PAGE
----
This tiger is a carnivore, as are all the subspecies. The South China Tiger stalks its prey silently before pouncing on it and breaking its neck with a swift bite. If necessary, it will chase it down first, but always try to execute the kill with as little struggle and pain as possible. Once captured, the prey will be dragged to a sheltered spot in which the tiger can eat it at leisure. If there is not such a place available, the hunter will eat quickly before retreating back to a secluded spot. Incredibly, a South China Tiger can eat between 15 and 40 kilograms of meat in a sitting, depending on its own size, the availability of the meat, and the length of time that it can dedicate to its prey. If they are able to conceal the carcass, they may keep returning to it for the next few days to eat from the supply of food. This is important as the tiger may not make another kill for several days. In places where food is scarce, the tiger will eat almost any other animal. However, common prey includes monkeys, birds, small buck, and so on.
Family Structure and Reproduction
Tigers generally live a life of solitude. They do not live or hunt in packs. After mating, the gestation period is about 103 days (or just over three months). A litter of between one and five cubs is born after this period, but usually only two or three survive into adulthood. At eight weeks, the cubs are able to leave the den and explore their surroundings and, at six months, they begin their training to hunt for their own prey. They should be able to hunt for themselves by 18 months and be fully independent at 24 months.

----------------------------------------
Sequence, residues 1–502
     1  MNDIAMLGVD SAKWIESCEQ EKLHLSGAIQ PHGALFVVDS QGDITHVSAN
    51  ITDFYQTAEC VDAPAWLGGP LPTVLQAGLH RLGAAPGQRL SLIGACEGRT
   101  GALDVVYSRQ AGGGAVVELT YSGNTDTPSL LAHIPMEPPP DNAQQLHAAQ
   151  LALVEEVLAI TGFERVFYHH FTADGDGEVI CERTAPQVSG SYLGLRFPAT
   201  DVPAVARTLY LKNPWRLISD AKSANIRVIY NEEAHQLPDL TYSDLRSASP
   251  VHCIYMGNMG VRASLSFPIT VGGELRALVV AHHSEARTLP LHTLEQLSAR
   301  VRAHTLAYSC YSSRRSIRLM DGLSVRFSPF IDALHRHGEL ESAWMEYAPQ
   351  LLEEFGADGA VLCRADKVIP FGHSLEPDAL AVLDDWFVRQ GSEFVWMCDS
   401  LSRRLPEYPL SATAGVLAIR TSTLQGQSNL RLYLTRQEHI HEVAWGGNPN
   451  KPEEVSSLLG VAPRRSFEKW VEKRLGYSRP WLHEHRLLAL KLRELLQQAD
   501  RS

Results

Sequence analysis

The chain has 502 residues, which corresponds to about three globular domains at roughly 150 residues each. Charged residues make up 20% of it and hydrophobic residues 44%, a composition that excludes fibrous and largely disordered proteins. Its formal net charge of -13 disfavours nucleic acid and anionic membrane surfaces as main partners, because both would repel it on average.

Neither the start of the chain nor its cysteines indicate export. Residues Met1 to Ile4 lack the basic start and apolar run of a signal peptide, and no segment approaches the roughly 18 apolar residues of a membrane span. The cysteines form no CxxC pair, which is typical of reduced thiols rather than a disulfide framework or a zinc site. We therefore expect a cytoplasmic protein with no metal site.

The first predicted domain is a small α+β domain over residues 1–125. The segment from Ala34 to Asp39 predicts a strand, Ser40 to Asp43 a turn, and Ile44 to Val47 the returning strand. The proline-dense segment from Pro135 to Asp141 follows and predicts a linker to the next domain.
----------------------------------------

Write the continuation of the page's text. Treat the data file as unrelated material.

In the wild, the South China Tiger will live to be about 15 years of age. Their lifespan is about five years longer when in captivity, as they are protected from the elements, fed on a regular basis and treated for any ailments or illnesses.
The South China Tiger is the most endangered of all the tigers. In fact, it is one of the worlds most critically endangered species overall. Hunted and killed as a common pest in the mid-20th century, this is now one of the most valuable living resources that are to be protected and sustained. In addition to having been hunted in near-ridiculous proportions, the availability of natural habitat and prey are also major factors that threaten the existence of the few animals that are still alive.
There are a number of programmes and initiatives around the world that focus on helping this tiger subspecies to live in an environment that promotes population growth, so that its numbers are increased steadily. The aim is to reintroduce these tigers into the wild and to establish healthy populations of them in various suitable areas around the world.